If you consider yourself a coffee connoisseur or you just like the fresh-roasted house blend from your local coffee shop, chances are you have a bag of beans or grounds in your pantry right now.
But, have you ever noticed the small hole a few inches from the top? Turns out, it has an important purpose. It’s not just a hole—it’s a valve.
When your coffee goes through the roasting process, it releases carbon dioxide. Coffee roasters want their beans to get into bags and shipped out as quickly as possible. The fresher the better, right? That means some carbon dioxide still remains even after it’s bagged.
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If fresh beans or grounds were placed into a bag without a valve (hole), the leftover carbon dioxide would have no way to escape. The bag would start to swell. If there was any moisture inside, that could create condensation and potentially compromise your brew.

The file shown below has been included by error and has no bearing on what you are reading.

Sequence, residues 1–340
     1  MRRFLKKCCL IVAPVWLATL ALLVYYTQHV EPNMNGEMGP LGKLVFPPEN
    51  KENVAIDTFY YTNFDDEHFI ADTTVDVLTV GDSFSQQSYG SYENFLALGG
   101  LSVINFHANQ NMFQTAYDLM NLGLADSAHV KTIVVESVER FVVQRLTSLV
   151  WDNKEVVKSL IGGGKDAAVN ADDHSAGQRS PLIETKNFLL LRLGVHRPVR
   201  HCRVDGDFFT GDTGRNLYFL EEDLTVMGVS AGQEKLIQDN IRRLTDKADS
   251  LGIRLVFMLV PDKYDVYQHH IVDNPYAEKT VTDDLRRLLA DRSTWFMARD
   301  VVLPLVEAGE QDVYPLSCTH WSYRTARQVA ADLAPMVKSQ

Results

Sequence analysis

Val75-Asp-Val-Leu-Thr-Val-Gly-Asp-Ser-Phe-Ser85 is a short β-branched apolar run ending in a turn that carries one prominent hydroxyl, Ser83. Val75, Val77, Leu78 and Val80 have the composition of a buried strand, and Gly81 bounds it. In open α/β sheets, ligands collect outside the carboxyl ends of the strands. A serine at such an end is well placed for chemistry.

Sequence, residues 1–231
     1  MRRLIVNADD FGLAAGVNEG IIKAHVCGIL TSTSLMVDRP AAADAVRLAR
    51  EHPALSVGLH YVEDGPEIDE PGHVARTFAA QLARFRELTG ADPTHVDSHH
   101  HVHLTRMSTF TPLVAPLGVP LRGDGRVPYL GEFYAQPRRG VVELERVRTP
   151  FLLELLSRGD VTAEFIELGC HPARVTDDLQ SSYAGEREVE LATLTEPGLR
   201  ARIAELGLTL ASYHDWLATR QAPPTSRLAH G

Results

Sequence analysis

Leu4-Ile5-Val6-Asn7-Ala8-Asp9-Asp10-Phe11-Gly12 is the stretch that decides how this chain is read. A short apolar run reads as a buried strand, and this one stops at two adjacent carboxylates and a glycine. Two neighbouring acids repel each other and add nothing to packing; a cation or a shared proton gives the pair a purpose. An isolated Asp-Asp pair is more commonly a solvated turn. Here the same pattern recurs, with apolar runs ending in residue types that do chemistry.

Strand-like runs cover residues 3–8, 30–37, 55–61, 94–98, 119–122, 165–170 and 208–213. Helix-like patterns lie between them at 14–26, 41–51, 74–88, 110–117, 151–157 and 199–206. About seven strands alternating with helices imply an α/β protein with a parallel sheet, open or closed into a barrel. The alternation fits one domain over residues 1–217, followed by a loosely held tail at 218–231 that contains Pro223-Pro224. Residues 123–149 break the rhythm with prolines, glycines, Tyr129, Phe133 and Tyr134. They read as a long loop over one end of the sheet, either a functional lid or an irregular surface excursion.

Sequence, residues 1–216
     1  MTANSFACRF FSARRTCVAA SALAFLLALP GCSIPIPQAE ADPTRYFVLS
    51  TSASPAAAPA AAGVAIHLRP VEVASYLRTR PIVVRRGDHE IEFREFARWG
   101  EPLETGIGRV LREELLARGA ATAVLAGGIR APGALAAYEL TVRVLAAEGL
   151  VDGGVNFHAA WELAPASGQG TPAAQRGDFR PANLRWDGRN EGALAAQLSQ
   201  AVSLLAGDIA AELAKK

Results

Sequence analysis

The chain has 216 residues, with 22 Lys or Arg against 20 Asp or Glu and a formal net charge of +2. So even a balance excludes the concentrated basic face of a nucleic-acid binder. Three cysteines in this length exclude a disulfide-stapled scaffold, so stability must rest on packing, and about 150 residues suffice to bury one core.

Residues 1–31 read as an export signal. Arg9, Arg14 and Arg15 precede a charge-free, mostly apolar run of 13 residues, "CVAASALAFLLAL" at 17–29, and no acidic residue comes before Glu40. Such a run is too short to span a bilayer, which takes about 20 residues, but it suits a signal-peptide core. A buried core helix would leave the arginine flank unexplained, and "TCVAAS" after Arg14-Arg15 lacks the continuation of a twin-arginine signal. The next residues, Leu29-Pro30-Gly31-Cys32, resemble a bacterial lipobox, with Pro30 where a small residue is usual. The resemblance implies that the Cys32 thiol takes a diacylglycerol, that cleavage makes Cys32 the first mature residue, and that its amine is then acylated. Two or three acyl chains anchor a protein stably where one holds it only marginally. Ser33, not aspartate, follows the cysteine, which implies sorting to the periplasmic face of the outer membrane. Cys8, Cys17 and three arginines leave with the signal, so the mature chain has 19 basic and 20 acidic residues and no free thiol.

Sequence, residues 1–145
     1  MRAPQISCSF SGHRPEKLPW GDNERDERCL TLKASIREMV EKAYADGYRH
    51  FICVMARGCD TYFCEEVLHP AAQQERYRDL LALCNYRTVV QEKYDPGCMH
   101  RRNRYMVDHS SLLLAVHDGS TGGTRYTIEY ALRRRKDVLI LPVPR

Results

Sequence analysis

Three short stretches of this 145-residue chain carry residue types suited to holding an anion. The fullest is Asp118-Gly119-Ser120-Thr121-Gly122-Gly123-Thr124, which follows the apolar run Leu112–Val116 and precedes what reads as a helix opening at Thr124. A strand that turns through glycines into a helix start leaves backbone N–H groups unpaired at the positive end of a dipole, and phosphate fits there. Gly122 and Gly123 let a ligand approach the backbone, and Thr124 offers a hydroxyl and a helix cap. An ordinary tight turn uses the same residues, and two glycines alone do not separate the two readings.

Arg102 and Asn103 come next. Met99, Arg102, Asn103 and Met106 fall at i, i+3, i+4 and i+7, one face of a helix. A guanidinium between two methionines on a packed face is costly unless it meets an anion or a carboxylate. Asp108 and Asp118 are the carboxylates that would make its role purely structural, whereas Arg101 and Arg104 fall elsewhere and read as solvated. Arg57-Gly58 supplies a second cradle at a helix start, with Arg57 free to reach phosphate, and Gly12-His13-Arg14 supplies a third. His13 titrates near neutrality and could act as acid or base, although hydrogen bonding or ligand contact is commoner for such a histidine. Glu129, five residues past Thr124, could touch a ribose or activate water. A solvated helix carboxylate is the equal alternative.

The valve allows for enough of that gas to escape while the bag stays nice and tight, and the beans don’t spoil.
Plus, if you give the bag a gentle squeeze, you can get a whiff of the wonderful roasted aroma and know what to expect when you brew it.
The lingering carbon dioxide can last for about two weeks, so whether you’re getting a freshly-roasted bag from a nearby cafe or picking one up from the grocery store shelf, be thankful for that little hole, and that your coffee is staying fresher and de-gassed because of it.